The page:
Davis again does a marvelous job. In the Camel Club, there’s male, female, Arabic, polish, and a variation of American voices. Now switching between them, accurately, consistently, and making them believable, is difficult. Those who can not only manage this, but excel at it, are rated higher in my opinion.

 

Sound Quality: 10/10

I’m not sure if this is an old school thing, but this audiobook was sprinkled with touches of dramatic effects. It wasn’t overpowering or distracting and I thought it added to the overall performance. Thumbs up!

 

Overall Performance: 10/10

Highly recommended. Can’t wait to listen to the next book in the series called, the Collectors. 

 

 

What do you think? Are you fan of Baldacci? Have you read the Camel Club? What do you think of my format? Are you a fan of audiobooks? Let me know in the comments!!

 

Benjamin Thomas

Magical and Mysterious Cenotes by A.K Smith

Magical and Mysterious Cenotes

What is a cenote?

 

First things first, let’s learn how to pronounce it correctly. The word Cenote is pronounced “say-no-tay.” It is not pronounced “see-note.” It is a flowing three syllable word, much like the wonder of nature it describes.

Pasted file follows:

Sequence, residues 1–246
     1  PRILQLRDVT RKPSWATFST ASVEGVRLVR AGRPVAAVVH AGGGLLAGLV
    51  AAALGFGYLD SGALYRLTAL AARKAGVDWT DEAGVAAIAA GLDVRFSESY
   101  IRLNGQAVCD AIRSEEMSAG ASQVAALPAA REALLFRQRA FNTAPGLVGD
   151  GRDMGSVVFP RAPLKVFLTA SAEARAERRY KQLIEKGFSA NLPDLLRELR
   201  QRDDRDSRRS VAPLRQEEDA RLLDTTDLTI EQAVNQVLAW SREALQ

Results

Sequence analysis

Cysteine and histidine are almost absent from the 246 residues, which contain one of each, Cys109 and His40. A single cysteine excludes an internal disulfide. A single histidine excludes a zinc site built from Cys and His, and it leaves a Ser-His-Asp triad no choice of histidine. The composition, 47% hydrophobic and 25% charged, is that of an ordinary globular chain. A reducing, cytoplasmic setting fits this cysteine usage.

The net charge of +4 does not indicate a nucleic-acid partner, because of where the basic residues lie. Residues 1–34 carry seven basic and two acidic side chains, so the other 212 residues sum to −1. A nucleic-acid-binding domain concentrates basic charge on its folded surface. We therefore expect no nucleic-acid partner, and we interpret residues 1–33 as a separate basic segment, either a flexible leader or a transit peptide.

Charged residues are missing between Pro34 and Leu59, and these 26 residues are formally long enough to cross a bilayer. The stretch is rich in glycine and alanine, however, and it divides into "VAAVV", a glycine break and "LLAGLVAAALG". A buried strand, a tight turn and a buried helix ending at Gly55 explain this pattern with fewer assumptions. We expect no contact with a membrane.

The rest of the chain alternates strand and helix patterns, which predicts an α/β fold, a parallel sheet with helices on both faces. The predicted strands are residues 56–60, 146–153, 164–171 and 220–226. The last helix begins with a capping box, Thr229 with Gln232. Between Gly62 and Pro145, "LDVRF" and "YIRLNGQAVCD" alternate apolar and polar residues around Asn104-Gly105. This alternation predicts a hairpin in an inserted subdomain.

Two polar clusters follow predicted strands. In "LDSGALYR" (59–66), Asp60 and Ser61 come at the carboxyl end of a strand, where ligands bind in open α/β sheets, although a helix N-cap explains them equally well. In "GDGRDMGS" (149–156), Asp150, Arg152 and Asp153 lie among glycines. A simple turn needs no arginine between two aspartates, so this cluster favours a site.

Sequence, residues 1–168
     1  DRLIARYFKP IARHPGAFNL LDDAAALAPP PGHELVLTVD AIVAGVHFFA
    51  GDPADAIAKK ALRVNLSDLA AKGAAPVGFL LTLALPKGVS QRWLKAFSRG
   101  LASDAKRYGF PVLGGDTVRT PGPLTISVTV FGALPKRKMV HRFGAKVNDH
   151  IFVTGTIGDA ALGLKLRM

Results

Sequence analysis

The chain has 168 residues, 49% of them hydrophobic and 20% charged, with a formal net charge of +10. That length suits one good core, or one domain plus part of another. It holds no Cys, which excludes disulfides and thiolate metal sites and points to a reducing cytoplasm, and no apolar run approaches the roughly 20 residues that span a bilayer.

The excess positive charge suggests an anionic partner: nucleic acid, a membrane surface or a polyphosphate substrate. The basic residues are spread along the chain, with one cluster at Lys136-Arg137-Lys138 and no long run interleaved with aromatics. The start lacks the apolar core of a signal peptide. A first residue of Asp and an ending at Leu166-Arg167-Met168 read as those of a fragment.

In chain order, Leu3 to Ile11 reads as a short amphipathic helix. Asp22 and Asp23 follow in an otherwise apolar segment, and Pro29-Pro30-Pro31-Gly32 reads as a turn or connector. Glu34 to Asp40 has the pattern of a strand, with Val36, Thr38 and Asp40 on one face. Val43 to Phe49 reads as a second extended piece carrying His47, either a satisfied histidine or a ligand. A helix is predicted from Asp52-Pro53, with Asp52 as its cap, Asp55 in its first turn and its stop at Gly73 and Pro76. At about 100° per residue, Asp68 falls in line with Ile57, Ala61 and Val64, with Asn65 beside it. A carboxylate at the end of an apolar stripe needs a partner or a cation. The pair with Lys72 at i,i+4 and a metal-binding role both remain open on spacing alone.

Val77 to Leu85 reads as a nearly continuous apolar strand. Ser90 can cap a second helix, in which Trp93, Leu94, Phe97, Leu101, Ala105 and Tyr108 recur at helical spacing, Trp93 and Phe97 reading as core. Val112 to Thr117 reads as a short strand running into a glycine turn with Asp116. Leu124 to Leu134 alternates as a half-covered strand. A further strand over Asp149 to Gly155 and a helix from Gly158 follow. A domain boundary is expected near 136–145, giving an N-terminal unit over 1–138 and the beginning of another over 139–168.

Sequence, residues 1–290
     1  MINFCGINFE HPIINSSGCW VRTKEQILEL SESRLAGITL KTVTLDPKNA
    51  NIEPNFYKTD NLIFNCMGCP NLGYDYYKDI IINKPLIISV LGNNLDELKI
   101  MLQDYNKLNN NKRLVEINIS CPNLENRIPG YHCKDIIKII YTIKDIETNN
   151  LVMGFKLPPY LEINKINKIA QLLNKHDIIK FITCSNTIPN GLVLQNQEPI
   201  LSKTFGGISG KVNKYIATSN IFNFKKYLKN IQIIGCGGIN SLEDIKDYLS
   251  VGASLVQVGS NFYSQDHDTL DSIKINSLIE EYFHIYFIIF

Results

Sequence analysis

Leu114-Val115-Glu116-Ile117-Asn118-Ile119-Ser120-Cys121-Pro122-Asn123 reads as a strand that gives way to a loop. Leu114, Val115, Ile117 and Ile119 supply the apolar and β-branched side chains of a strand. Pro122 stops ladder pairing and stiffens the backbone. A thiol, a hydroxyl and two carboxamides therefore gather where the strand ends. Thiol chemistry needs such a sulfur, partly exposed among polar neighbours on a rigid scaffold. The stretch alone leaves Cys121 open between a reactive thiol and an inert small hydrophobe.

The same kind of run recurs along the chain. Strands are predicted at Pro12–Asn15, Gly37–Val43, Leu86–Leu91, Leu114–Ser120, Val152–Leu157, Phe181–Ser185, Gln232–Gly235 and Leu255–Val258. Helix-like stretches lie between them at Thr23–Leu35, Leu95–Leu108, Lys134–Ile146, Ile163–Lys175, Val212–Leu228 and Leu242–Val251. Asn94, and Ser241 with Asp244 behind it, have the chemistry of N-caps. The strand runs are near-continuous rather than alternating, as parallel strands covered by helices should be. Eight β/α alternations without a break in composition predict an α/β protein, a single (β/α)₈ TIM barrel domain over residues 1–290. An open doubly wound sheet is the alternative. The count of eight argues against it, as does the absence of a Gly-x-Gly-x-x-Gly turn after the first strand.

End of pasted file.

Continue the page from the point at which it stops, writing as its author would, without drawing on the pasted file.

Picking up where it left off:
Okay now that we know how to pronounce it, do you know what a cenote is?

Continue reading “Magical and Mysterious Cenotes by A.K Smith”

Stalker by P. J. Lazos

 

It is not as you believe, my Angel. I am not a bad man.  You may think it odd that we have never spoken.  I stand within ten feet of you, my Love, and the words falter, trapped in my throat.  I wait for you on the platform this morning and when I don’t see you I begin my search.  I spy you in the last car, walking to your seat.  You prefer the solitude of the quiet car.  I get that.

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GUEST POST: WRITING LESSON 2 BY DAVID KUMMER

Continue reading “GUEST POST: WRITING LESSON 2 BY DAVID KUMMER”

Guest post: lesson 1 by David Kummer


Welcome to this lesson of David Kummer’s writing course. That’s me, by the way. If you have any questions, comments, concerns, success stories, or just something fun to say, email me at davidkummer7@gmail.com. I’d love to talk about anything and everything, especially if that everything has to do with books, basketball, or Chinese food. I am a teenager, after all. So that’s that! Head on down and read what might be the best writing course of your life, but also might be the worst 😉 You won’t know until you try!

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SWAPPING GENRES by Andrew Richardson

I approached writing ‘The Door into War’ with some trepidation. On one hand, it
was a story I wanted to write with a plot I was pleased with. On the other hand, my
previous novels have all been firmly squarely horror or historical fantasy genres. Writing
a time travel thriller was a complete change for me, especially as my reading knowledge
of time travel and thrillers is limited, and as a writer is zero.